Cool colors, shapes and shadows in my front door flower garden--January 2010

When we first moved to this house in the early 80s, I had a book about English cottage gardens under my arm, and a burning desire to grow flowers. 

Looking back, I think I had the equation reversed–sort of like starting with throw pillows when you’re decorating a room.   But I also think a lot of gardeners start in this place.  And that’s ok.  The important thing is jumping in, getting your hands dirty, learning from your mistakes (always the best lessons). 

I jumped in by planting the small  plot between my two front walks.  

It was good to start small, good to start near the house in a highly visible spot, but hard to hide my mistakes.  And I made a lot of them.  Bad soil and killer drainage had to be fixed.  And, of course, a lot of the English flowers couldn’t take our southern heat.   Still, I had some success.  I grew some beautiful flowers.  At moments, my little garden was lovely.  And at other times,  like November-May, it was just a muddy patch of soil.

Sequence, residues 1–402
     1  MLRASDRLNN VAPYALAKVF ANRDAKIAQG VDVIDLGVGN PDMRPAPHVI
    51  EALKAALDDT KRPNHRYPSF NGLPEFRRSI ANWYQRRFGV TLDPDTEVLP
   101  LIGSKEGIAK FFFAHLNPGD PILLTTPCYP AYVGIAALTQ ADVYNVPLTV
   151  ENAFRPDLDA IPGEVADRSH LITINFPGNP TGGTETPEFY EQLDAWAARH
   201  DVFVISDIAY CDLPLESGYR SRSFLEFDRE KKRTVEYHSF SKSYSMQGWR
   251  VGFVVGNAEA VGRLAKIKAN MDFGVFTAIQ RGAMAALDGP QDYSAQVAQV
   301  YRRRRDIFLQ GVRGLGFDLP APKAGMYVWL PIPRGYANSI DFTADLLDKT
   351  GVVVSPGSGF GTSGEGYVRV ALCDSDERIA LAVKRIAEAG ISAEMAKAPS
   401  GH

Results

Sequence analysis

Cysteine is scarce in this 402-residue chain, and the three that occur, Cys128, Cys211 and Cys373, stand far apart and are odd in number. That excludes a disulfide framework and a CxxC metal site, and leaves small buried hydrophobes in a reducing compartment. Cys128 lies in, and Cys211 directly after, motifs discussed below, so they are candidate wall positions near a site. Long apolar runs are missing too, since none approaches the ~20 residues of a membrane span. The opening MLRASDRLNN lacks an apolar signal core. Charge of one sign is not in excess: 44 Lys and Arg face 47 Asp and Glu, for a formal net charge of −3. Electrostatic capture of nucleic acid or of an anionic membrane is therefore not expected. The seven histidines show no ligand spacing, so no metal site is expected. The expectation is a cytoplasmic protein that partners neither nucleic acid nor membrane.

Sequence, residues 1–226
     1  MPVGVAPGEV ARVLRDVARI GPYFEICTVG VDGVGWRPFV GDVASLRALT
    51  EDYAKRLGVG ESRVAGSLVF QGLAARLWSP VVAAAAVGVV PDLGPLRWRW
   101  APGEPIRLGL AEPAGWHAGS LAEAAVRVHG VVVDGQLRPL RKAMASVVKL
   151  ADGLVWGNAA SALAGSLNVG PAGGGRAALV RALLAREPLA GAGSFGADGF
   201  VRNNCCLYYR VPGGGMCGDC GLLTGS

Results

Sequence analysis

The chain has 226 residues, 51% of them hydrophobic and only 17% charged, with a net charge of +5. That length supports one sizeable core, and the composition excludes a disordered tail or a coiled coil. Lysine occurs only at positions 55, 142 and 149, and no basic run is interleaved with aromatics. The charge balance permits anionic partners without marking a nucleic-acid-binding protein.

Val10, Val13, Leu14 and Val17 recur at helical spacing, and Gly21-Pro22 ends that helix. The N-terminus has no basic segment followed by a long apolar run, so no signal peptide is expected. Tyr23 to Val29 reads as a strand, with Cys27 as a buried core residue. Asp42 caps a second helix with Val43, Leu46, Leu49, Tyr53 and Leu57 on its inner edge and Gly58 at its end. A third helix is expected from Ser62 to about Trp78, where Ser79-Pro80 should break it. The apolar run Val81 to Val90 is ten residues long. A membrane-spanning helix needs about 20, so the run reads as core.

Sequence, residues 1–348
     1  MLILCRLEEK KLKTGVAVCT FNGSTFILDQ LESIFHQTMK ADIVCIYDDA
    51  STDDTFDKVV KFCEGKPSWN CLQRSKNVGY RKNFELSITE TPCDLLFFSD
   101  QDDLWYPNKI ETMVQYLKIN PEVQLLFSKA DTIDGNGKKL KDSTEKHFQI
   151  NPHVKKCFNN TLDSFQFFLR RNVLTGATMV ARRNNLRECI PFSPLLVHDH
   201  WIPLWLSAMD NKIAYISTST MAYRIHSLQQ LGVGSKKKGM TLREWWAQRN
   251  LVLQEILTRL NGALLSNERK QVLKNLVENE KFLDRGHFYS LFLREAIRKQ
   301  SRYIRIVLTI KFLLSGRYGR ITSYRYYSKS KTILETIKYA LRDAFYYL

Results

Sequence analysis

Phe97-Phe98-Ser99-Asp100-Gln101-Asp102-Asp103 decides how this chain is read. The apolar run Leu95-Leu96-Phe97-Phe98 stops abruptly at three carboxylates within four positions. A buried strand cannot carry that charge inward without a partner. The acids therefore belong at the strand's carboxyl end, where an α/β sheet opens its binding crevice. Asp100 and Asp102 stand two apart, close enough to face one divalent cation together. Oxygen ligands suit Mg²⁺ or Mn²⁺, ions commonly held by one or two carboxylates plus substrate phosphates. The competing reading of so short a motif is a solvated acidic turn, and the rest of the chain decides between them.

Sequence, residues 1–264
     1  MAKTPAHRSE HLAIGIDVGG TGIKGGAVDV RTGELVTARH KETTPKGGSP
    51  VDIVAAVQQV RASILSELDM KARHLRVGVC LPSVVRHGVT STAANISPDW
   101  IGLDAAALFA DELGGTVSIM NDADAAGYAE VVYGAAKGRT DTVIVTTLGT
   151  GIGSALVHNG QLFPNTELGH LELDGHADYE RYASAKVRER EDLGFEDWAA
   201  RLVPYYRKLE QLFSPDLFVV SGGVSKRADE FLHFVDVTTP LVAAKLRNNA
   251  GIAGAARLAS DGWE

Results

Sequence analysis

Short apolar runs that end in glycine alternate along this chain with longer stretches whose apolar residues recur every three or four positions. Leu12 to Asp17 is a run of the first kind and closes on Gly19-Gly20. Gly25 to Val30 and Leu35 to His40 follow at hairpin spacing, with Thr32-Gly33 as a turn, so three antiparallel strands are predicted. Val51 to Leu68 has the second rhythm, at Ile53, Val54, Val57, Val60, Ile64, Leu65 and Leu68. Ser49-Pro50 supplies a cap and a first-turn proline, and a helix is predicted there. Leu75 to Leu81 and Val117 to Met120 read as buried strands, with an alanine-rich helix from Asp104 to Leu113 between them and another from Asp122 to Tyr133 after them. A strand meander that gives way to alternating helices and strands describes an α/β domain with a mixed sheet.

That’s how I discovered the concept of structure.  You can’t just grow flowers–you have to think about leaves and interesting bark, shapes, and colors  to carry you though the winter. 

So I compromised.  I gave up  some flower space for a few shrubs (they bloom, too), added tall things, small evergreens,  and a funky vintage bird bath–all  to keep my eye interested until spring rolls around. 

Is it prefect?  No.  But it’s a big step in the right direction and valuable lesson–flowers come and go, so plan for all four seasons.

Photos:  Same garden, different angles–Flowers take center stage, May 3, 2009. 

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